US military chief: ‘Concerning’ mustard attack on US base

Kurdish fighters pose for cameras at a frontline position west of Erbil. After a panicked retreat last Wednesday, the Kurds have regrouped and are digging in...fortifying their defenses. Their commanders say American air strikes against ISIS have boosted morale among the Kurdish Pesh Merga.

Kurdish fighters pose for cameras at a frontline position west of Erbil. After a panicked retreat last Wednesday, the Kurds have regrouped and are digging in...fortifying their defenses. Their commanders say American air strikes against ISIS have boosted morale among the Kurdish Pesh Merga.

WASHINGTON — The military assesses that the shell fired on a joint US-Iraqi base Tuesday was indeed a chemical weapon, according to Chairman of the Joint Chiefs of Staff Gen. Joseph Dunford.

“We assess it to be a sulfur mustard blister agent,” Dunford told the Senate Armed Services Committee Thursday. It is the first time the military has confirmed its assessment on the record since CNN reported the development Wednesday.

A US military official told CNN, however, that the first field test for chemical agent was positive and the second test was negative. The substance was sent to a coalition-operated Iraq-based lab, and tests there were inconclusive. The official said the sample will now be sent to another lab for additional testing.

Dunford described ISIS as only having a “rudimentary” capability to deliver the chemical, saying the weapon “wasn’t particularly effective, but it is a concerning development.”

The general went on to say that the US-led counter-ISIS coalition has conducted “over 30” airstrikes against suspected ISIS chemical weapons facilities during the past year.

Committee Chairman John McCain said that the situation was “concerning, particularly on those people who don’t have protective equipment.” The Arizona Republican was referring to civilians and other local forces that have been subjected to ISIS chemical attacks in the past.

The more than three-hour-long testimony also featured a few heated exchanges between members of the committee and witnesses Dunford and Defense Secretary Ash Carter over the defense budget and whether a no-fly zone could be implemented in Syria.

Dunford acknowledged that the administration is “in deliberation” about the prospect of arming Kurdish forces in Syria, saying that doing so would “increase the prospects of our success in Raqqa.”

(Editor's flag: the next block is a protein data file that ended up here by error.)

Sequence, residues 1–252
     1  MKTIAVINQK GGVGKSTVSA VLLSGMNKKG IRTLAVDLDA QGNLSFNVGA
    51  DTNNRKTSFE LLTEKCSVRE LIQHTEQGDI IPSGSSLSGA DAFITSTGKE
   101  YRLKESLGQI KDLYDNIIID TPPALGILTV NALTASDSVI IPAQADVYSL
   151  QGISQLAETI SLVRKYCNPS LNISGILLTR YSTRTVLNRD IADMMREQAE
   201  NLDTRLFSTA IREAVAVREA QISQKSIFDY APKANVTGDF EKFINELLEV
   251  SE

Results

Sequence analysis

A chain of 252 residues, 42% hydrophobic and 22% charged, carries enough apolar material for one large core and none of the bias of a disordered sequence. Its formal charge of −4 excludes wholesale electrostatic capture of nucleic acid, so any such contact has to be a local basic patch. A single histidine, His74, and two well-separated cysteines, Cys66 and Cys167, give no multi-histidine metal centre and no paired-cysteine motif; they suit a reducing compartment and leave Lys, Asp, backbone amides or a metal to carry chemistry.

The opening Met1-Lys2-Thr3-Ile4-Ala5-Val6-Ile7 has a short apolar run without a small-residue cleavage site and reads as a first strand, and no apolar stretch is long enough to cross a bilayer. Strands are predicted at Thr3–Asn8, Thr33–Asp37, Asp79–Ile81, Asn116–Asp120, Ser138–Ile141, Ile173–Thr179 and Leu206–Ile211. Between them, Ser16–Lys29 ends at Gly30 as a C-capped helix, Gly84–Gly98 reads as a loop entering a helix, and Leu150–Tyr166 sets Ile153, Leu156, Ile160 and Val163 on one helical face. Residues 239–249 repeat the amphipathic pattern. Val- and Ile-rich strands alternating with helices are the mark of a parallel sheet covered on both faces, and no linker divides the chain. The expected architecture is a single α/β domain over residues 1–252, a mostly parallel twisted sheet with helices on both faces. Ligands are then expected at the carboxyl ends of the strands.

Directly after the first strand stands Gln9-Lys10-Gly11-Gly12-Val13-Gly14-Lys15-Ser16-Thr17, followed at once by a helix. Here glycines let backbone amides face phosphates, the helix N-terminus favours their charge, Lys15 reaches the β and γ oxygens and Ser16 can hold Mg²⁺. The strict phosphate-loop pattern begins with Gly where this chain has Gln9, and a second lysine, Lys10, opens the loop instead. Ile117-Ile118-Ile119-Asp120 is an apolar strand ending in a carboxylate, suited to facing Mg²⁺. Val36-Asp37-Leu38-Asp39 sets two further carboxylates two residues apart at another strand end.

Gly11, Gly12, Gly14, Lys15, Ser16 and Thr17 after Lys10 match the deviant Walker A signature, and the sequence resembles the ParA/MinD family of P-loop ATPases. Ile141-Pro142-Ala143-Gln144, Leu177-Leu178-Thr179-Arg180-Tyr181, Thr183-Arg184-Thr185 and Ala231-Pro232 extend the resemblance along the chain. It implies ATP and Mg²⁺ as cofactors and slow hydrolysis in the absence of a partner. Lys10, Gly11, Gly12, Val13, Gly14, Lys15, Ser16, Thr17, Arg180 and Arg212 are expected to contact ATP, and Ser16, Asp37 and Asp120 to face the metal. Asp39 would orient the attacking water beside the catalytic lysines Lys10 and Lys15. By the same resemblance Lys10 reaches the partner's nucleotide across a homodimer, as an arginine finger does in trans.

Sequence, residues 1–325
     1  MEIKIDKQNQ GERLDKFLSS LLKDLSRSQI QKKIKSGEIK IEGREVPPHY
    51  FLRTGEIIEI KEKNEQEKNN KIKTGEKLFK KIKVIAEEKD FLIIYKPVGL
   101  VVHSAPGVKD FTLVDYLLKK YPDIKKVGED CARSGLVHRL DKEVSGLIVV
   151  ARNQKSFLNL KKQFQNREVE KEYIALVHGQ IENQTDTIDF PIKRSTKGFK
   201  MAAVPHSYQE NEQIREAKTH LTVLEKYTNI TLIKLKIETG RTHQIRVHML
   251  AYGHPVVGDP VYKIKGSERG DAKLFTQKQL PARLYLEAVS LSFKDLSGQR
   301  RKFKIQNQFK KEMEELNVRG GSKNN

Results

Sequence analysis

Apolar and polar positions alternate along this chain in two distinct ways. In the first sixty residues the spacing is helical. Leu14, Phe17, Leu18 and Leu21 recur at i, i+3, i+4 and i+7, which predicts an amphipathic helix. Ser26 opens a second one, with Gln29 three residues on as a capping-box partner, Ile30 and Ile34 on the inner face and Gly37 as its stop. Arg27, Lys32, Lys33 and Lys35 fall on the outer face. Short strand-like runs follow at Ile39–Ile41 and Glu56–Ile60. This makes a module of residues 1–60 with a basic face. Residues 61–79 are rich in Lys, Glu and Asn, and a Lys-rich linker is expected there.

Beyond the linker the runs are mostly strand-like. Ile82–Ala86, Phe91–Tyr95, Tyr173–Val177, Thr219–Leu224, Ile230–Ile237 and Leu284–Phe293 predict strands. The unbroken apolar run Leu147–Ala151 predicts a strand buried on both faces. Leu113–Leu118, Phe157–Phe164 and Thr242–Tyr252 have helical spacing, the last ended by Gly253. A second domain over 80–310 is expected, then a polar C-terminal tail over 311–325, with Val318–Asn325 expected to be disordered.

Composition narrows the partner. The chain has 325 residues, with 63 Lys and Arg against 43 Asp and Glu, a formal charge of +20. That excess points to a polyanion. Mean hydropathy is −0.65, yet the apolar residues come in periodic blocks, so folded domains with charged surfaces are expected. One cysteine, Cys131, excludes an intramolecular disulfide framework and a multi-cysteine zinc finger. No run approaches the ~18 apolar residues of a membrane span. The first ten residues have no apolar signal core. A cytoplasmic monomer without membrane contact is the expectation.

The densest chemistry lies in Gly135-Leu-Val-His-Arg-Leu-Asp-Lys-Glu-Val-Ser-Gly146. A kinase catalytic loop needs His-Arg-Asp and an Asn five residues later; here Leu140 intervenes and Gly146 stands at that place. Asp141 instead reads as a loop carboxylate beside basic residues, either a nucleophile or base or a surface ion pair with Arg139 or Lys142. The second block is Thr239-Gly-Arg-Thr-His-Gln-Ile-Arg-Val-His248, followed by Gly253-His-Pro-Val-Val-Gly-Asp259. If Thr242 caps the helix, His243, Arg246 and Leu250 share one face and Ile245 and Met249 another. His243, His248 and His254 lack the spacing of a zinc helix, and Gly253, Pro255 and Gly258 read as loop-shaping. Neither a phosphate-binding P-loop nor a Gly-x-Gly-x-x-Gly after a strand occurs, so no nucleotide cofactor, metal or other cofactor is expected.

He noted, though, that US ally Turkey’s opposition to American support for the Kurds makes the situation “difficult.”

Dunford had harsh words for Russia, calling it “potentially the most significant threat to our national interests.”

“A combination of their behavior as well as their military capability … would cause me to believe that they pose the most significant challenge potentially, the most significant threat to our national interests,” he said, referring to their incursions in Georgia and Ukraine.

He also said Russia was responsible for the recent airstrike that targeted a UN aid convoy in Syria while noting that both Syrian and Russian aircraft had been in the vicinity of the area at the time of the attack.

“It was either the Russians or the regime,” Dunford said, adding, “There’s no doubt in my mind that the Russians are responsible. I just don’t know whose aircraft actually dropped the bombs.”

Carter concurred, saying, “The Russians are responsible for this strike whether they conducted it or not” due to their association with the Syrian regime.

Their comments come as the prospects of the US-Russia negotiated ceasefire in Syria, which would include Russian-American military cooperation in fighting the terror groups ISIS and al Nusra, appears poised to collapse.

McCain slammed the accord, calling it “deeply problematic even if implemented.”

He also took a swipe at top US diplomat John Kerry, saying, “President (Barack) Obama sent his intrepid but delusional secretary of state to tilt yet again at the windmill of cooperating with Vladimir Putin.”